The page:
The Institute in 1903
The origins of the Historiographical Institute may be found in the late Edo period. In 1793, Hanawa Hokiichi, a scholar of "National Learning" (kokugaku) proposed to the Tokugawa bakufu that his Institute for Japanese Studies (Wagaku Kodansho) begin compiling historical records. By 1861, Hanawa's institute produced 430 volumes of source books covering the years 887 to 1024. The starting year 887 was chosen because it was the last year of the ancient Japanese governmental histories. The manuscripts compiled by Hanawa's institute became the basis for the project called Dai Nihon Shiryo, which continues at the Historiographical Institute to the present day. In 1869 the new Meiji government established a new bureau to compile an official national history of Japan that would take up where the ancient official histories left off, and in 1876 the new bureau began to compile historical records using Hanawa's methods; in 1882, the bureau started to write an official history based on the documents it had collected. This official history was abandoned in 1893, but the compilation of source materials continued and led to the publication of the first volume of the Dai Nihon Shiryo series in 1901.
Although the Historiographical Office was originally located within the government, in 1888 its researchers were transferred to the Imperial University, the predecessor of the University of Tokyo. The following year, a National History Department was formed at the University, and three former staff members of the Office were named as the first professors. The department's faculty pursued both historical research and the compilation of source materials.
In the reform of research and higher education following the end of the Pacific War, the Historiographical Institute was reorganized in 1950 as an independent research institute affiliated with the University of Tokyo. Staff continue, however, to work closely with the university in training graduate students in Japanese history.
Throughout its history, the Historiographical Institute has striven to employ the most advanced methods in its work. While searching for an appropriate system for compiling an official history in the 1870s, the Institute asked the Hungarian historian George Gustavus Zerffi to explain Western historical methodology; in response, he wrote his book, The Science of History (1879). Between 1887 and 1902, the German historian Ludwig Riess, an advocate of Rankean history-as-science, taught at the university. He emphasized that the university's research and teaching needed to be coordinated with the compilation of historical materials, a view that substantially influenced the early development of the Institute. In 1893, the growing realization that the purpose of modern historical studies should be to allow the people to interpret the past for themselves, while the state's role should be to make source materials available rather than write an official history, led to the decision to abandon the project to create an official history.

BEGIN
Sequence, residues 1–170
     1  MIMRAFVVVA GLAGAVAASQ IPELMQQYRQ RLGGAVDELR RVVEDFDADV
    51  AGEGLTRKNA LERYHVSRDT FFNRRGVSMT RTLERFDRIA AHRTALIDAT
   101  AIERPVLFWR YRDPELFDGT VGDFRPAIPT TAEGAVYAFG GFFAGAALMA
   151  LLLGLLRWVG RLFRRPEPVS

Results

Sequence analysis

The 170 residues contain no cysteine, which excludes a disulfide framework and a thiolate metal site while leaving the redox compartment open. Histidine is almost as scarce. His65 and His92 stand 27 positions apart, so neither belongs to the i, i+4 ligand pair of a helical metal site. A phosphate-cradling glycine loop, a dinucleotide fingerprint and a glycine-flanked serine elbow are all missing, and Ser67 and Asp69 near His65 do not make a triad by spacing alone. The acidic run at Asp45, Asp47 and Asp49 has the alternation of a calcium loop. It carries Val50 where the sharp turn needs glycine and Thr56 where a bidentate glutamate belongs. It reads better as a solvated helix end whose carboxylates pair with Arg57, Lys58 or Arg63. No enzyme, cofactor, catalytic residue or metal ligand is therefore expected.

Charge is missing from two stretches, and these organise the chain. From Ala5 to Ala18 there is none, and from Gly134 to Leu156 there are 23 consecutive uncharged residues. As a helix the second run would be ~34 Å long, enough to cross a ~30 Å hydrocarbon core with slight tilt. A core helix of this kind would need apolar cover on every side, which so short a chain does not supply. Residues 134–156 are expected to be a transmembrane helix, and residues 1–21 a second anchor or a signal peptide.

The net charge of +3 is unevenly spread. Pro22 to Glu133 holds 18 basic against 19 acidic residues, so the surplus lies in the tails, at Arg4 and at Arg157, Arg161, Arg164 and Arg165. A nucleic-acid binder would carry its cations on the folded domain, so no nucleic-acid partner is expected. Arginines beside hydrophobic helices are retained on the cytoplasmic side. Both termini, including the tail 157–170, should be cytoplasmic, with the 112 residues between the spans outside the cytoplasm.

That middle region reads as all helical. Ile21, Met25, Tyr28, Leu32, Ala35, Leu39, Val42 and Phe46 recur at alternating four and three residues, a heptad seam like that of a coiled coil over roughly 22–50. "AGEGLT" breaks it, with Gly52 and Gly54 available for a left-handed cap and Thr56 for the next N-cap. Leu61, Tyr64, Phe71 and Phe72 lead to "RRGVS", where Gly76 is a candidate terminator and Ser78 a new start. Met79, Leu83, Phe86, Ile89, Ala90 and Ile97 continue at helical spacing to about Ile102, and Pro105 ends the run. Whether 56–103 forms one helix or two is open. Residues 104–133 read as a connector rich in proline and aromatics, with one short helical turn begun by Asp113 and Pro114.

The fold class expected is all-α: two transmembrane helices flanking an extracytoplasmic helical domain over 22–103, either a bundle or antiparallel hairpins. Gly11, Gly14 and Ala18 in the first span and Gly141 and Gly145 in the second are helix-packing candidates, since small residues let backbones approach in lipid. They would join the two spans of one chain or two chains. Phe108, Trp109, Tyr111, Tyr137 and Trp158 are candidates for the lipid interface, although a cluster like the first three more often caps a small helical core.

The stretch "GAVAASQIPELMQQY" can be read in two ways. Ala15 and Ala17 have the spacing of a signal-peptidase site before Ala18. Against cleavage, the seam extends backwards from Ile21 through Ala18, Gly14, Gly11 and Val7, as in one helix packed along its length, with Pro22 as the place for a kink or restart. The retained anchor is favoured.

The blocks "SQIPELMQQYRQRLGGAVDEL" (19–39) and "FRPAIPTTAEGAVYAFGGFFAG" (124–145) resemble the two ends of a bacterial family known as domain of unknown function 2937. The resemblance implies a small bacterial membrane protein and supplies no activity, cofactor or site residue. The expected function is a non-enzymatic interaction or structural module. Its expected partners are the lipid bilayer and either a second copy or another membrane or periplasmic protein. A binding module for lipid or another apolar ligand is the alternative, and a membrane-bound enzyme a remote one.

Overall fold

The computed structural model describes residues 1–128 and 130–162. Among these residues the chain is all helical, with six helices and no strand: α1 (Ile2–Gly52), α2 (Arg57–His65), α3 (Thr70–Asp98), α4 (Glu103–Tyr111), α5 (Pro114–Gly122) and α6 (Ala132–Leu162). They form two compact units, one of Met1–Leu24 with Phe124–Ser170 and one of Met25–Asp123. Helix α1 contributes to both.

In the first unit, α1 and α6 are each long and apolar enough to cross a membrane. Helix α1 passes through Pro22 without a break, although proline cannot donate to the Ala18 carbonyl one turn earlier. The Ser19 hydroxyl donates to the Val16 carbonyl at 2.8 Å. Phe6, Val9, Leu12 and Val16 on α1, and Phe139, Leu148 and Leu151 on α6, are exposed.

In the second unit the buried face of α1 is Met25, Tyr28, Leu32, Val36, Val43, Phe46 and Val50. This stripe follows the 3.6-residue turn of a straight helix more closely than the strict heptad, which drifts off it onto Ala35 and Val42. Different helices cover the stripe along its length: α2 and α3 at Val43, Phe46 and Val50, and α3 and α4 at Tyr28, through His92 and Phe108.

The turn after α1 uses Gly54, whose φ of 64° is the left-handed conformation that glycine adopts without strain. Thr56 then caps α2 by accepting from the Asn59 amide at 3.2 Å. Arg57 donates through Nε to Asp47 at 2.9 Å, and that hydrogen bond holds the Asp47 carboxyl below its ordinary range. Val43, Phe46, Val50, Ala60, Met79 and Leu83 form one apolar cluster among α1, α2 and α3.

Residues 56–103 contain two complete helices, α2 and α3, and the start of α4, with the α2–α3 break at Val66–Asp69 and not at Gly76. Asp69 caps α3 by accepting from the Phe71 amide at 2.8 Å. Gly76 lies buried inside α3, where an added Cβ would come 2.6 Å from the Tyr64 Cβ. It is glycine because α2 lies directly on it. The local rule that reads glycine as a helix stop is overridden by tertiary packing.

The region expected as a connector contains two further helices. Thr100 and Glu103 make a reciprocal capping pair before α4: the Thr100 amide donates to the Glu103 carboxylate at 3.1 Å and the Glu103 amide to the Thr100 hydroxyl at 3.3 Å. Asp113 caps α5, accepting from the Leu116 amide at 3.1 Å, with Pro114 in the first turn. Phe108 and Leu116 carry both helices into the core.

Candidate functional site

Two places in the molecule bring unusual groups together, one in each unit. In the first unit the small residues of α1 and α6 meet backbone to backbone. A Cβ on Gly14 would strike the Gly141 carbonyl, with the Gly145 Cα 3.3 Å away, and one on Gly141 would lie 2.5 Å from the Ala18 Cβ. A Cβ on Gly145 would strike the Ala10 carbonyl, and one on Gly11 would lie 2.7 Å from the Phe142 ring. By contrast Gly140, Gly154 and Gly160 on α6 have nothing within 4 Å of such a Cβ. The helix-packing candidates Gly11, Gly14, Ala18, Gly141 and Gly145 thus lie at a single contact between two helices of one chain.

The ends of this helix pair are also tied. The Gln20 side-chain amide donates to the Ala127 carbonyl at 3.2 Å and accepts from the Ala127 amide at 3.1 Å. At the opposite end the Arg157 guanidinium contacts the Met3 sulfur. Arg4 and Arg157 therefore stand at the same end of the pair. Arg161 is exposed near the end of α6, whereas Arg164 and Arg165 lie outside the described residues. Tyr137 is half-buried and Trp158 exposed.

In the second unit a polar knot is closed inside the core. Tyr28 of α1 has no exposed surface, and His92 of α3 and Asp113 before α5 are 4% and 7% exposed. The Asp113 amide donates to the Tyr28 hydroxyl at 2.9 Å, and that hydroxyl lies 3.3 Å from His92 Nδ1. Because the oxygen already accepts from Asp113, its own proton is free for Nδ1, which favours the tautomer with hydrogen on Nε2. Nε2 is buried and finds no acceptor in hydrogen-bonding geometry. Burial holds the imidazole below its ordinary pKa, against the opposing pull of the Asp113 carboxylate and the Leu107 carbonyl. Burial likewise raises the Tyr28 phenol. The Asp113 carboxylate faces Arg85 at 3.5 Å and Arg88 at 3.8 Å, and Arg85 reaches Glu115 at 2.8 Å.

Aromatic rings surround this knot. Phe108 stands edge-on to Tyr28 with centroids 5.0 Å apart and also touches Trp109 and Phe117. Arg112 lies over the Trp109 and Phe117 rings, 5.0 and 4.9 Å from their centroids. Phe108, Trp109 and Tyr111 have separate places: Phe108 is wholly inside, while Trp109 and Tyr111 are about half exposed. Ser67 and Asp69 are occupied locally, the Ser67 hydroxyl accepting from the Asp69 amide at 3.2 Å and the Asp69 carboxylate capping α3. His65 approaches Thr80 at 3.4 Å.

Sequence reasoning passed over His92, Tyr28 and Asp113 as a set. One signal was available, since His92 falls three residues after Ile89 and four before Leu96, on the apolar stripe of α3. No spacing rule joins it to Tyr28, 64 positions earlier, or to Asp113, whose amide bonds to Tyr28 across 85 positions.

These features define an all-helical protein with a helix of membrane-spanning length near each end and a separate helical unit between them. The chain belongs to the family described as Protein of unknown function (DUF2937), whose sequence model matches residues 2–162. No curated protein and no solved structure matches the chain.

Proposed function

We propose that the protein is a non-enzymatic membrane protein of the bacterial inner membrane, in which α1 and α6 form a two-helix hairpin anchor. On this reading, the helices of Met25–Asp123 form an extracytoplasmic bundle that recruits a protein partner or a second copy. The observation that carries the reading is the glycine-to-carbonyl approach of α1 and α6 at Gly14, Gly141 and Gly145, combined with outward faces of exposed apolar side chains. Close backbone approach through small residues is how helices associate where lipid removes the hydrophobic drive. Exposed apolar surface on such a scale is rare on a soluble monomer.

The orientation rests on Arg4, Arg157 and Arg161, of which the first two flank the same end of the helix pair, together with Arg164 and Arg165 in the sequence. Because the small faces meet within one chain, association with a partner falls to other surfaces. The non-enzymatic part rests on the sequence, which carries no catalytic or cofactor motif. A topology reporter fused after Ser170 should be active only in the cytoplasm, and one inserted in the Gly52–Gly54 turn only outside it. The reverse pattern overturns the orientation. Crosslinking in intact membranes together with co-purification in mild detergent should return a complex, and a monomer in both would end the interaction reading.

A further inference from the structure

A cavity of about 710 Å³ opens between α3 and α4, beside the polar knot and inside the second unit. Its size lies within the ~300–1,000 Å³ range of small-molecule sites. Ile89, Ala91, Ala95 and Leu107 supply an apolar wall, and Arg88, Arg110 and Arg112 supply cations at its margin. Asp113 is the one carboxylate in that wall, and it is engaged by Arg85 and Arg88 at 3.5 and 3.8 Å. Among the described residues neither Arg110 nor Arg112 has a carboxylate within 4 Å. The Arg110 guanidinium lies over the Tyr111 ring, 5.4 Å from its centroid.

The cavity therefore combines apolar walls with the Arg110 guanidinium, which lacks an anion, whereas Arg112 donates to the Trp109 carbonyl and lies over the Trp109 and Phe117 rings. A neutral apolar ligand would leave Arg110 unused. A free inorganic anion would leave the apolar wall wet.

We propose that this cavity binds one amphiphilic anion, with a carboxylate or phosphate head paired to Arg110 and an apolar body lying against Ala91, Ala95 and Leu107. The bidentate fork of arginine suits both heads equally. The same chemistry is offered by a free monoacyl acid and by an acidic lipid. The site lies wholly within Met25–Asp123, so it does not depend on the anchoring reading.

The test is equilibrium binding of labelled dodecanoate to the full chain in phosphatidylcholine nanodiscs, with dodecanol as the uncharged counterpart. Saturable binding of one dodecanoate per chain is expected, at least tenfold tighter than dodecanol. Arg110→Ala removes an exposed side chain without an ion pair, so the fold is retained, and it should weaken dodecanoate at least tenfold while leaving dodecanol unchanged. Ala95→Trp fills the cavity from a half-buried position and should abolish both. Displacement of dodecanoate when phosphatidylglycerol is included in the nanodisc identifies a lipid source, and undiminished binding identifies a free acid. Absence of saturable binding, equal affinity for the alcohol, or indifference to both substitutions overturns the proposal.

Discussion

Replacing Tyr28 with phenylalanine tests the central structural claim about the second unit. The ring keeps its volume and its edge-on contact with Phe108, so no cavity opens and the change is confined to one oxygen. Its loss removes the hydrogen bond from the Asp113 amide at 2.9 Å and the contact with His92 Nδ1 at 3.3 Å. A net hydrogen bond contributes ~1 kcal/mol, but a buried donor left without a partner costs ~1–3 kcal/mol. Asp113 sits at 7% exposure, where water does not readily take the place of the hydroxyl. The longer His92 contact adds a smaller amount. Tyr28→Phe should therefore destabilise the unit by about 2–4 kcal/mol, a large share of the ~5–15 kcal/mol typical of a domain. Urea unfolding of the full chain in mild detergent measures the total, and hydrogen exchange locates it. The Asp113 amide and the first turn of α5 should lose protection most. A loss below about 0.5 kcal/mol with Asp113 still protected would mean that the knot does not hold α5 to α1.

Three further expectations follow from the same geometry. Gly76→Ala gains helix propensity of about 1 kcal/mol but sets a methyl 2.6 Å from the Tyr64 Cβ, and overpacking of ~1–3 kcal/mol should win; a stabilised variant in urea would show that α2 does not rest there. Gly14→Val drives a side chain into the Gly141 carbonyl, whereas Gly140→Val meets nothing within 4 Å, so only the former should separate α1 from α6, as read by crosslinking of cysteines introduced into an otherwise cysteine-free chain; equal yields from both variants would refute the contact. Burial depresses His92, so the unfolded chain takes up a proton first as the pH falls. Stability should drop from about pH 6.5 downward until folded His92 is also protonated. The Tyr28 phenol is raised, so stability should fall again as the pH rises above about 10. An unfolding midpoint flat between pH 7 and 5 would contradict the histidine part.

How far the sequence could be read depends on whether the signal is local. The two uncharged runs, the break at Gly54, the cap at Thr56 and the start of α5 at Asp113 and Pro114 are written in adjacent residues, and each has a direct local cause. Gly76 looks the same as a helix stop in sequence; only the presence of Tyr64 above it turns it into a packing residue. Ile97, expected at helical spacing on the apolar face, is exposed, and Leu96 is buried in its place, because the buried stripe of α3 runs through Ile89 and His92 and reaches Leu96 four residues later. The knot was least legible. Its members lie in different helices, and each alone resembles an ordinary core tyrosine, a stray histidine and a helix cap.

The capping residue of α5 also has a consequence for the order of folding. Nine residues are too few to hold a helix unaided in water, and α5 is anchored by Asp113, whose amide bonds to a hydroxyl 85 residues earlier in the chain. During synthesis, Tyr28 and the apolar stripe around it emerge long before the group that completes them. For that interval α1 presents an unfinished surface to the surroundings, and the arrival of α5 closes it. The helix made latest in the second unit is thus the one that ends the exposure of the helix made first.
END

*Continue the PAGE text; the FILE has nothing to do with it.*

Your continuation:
The Institute's mission has continued to expand. Over the years, the range of materials that the Institute compiles has come to include late Edo-period diplomatic documents, materials on the Meiji Restoration, and records concerning Japan in foreign archives. The Institute began computer storage of documents in 1984, and staff continue to search actively for new ways to utilize computers, information technology, and the World-wide Web. In 1997, the Institute established the Center for the Study of Visual Sources, to handle the special challenges of collecting and interpreting pictorial or illustrated materials as historical sources. Also, in 2006, the International Center for the Digitization of Premodern Japanese Sources was established for the new study of historical materials in cooperation with information science.
The Institute continues to be the leading facility for research on primary sources related to Japanese history. History is the study of the past; but that study is always situated in the present, and looks to the future. As typified by the Center for the Study of Visual Sources and the International Center for the Digitization of Premodern Japanese Sources,the Institute is committed to expanding the frontiers of its activities to meet the challenges and possibilities of the twenty-first century.
|1801||Hanawa Hokiichi proposes to the Tokugawa bakufu that his Institute for Japanese Studies (Wagaku Kodansho, established in 1793) begin compiling historical records.|
|1801-1861||The Institute for Japanese Studies produces 430 volumes covering the years 887 to 1024. The Institute ceases activity after 1861.|
|1869||The Meiji government plans to start compiling an official national history of Japan.|
|1885||Activities begin to investigate historical source materials from all over Japan.|
|1888||Responsibility for compiling historical materials is transferred from the Cabinet to the Imperial University.|
|1901||Publication of the first volumes of the series: Dai Nihon Shiryo and Dai Nihon Komonjo.|
|1906||The Foreign Ministry assigns the publication of late Edo diplomatic materials to the Historiographical Section.|
|1929||Historiographical Institute (Shiryo Hensan-jo) takes the current name.|
|1949||The Ministry of Education assigns the Historiographical Institute to work on Meiji Restoration documents.|
|1950||The Institute becomes an independent affiliate of the University of Tokyo.|
|1984||The Institute starts working with computerized database and document management.|
|1997||Establishment of the Center for the Study of Visual Sources.|
|2006||Establishment of the International Center for the Digitization of Premodern Japanese Sources.|